Coffee in Brazil
James Hayes-Bohanan , Ph.D.
Coffee Maven and Geographer
Bridgewater State College
UPDATED November 12, 2008

In October 2008, I went to a conference a few days early, in order to learn about emerging specialty coffee in the world's largest coffee-producing country. See photos of this trip on Flickr in the Brazil 08 set, which includes both the coffeelands and the other places I visited.
A geograher and his cafezinho
Traditional coffee drying on patio, Pocos de Caldas, Minas Gerais
I have expanded this site's information about coffee shops, coffee roasters, coffee tours, health effects,
and coffee preparation, and have moved that information to other pages. Please explore!

Brazil remains the leading producer of coffee in the world and the leading exporter, so its coffee covers a wide swath of the country. In Minas Gerais, I spent several days at a coffee fazenda on the side of a volcano, well above the 3,000-foot limit that generally separates high-grown, specialty coffee from more ordinary brews. Not only is this fazenda far larger than most of the fincas I have visited in Nicaragua, but the growing and processing are also different in a number of ways.

The photograph above reveals one of the greatest differences: this coffee has been recently harvested, but the husks will not be removed until after the drying is complete. Because this particular site receives more than 2 meters of rainfall per year (80 to 100 inches, compared to 45 in Boston), it not possible to rely solely on the sun. For this reason, the drying patios are augmented by the substantial use of a drying oven. The oven is powered by burning the dried husks of previous batches, sparing the wood, coal, or natural gas that might otherwise be used.

In the background of the same photo are hundreds of coffee trees, all simultaneously displaying the first of what will be four flowering episodes in the annual cycle. These trees are grown in full sun, to maximize the harvest and to minimize the effects of fungi.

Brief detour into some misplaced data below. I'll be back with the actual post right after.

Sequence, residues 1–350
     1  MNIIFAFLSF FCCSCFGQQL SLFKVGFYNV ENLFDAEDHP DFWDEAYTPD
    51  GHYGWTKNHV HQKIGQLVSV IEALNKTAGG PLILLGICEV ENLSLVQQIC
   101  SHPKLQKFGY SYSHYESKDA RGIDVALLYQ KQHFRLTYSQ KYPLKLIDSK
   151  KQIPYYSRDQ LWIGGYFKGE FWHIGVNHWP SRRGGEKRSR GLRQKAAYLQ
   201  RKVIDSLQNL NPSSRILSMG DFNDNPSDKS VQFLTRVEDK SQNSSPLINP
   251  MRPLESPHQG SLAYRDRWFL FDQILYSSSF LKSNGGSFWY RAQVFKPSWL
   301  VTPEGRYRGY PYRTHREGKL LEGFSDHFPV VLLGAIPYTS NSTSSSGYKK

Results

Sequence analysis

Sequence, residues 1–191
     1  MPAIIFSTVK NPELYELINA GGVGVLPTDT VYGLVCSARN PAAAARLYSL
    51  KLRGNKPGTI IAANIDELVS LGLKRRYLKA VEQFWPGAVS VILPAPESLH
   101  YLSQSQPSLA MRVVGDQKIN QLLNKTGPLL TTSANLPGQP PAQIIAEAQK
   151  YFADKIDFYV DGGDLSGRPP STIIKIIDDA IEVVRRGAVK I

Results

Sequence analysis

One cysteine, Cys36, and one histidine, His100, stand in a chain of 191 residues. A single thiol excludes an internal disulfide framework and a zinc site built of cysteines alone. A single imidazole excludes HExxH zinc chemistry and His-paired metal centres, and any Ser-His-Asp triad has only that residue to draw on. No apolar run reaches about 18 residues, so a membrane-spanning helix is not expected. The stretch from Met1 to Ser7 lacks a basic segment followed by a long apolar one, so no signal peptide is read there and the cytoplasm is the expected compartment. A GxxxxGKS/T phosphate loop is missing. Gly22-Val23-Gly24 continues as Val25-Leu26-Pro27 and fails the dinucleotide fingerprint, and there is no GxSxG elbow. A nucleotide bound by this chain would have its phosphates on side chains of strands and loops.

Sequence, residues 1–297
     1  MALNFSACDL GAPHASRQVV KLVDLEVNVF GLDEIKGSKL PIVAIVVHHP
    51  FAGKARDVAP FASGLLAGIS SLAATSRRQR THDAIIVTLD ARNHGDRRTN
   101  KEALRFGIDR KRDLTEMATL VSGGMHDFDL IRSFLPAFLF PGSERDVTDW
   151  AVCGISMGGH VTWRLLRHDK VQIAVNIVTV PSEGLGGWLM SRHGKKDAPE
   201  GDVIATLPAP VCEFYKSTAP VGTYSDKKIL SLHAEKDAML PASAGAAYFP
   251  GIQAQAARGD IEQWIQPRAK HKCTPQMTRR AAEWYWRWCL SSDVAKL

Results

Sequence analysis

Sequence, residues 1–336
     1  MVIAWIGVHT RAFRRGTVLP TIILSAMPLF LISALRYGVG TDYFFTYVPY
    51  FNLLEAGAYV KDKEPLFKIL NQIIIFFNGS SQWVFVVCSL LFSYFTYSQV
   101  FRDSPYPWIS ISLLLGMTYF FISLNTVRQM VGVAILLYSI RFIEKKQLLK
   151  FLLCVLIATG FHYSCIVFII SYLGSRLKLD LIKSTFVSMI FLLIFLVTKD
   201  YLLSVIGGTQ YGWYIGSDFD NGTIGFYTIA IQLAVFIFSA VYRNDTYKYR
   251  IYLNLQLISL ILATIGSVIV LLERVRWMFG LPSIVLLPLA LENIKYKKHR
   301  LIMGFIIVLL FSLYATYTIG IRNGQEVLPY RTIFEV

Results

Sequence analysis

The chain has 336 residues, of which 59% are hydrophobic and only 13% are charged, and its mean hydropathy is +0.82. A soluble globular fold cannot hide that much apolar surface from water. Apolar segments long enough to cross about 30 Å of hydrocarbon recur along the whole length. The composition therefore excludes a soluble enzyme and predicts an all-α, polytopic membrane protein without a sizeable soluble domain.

Another difference is the manner of the harvest. Rather than pick individual beans, as specialty coffee produers in Nicaragua do, Brazilian farmers are more likely to harvest the entire crop at once, agitating or pulling the fruit from the branches and allowing them to fall into pans that are placed beneath the trees. This results in a mix of degrees of maturity in one harvest, but this is considered acceptable, given the much lower labor costs.

Coffee consumption in Brazil is nearly constant, in the form of tiny cafezinhos, such as the one I am shown enjoying at the top of this page. Each time I visit Brazil, however, I find that coffee-shop culture is evolving very rapidly, as it is globally. The artistry in this cup of cappuccino is a fine example, with a single roasted bean emphasizing the coffee-bean pattern of the cream, caramel, and cocoa on top of my friend Guil's drink.

Cappuccino -- coffee bean

At right, my friends Guil and Ayr await their cappuccinos at Havanna, a trendy chain of coffee shops from Argentina. (All of my Brazilian friends will be happy if I take this opportunity to remind my readers that Buenos Aires is the capital of Argentina, while Brasilia is the capital of Brazil -- two facts that seem to be missing in U.S. geographic education.
Ayr and Guilherme waiting for a nice cappuccino

Thank the farmers!
\Dr. James Hayes-Bohanan
Department of Geography -- Bridgewater State College
Bridgewater, Massachusetts USA / EEUU / EUA
Institute for Coffee Studies, Vanderbilt University
jhayesboh @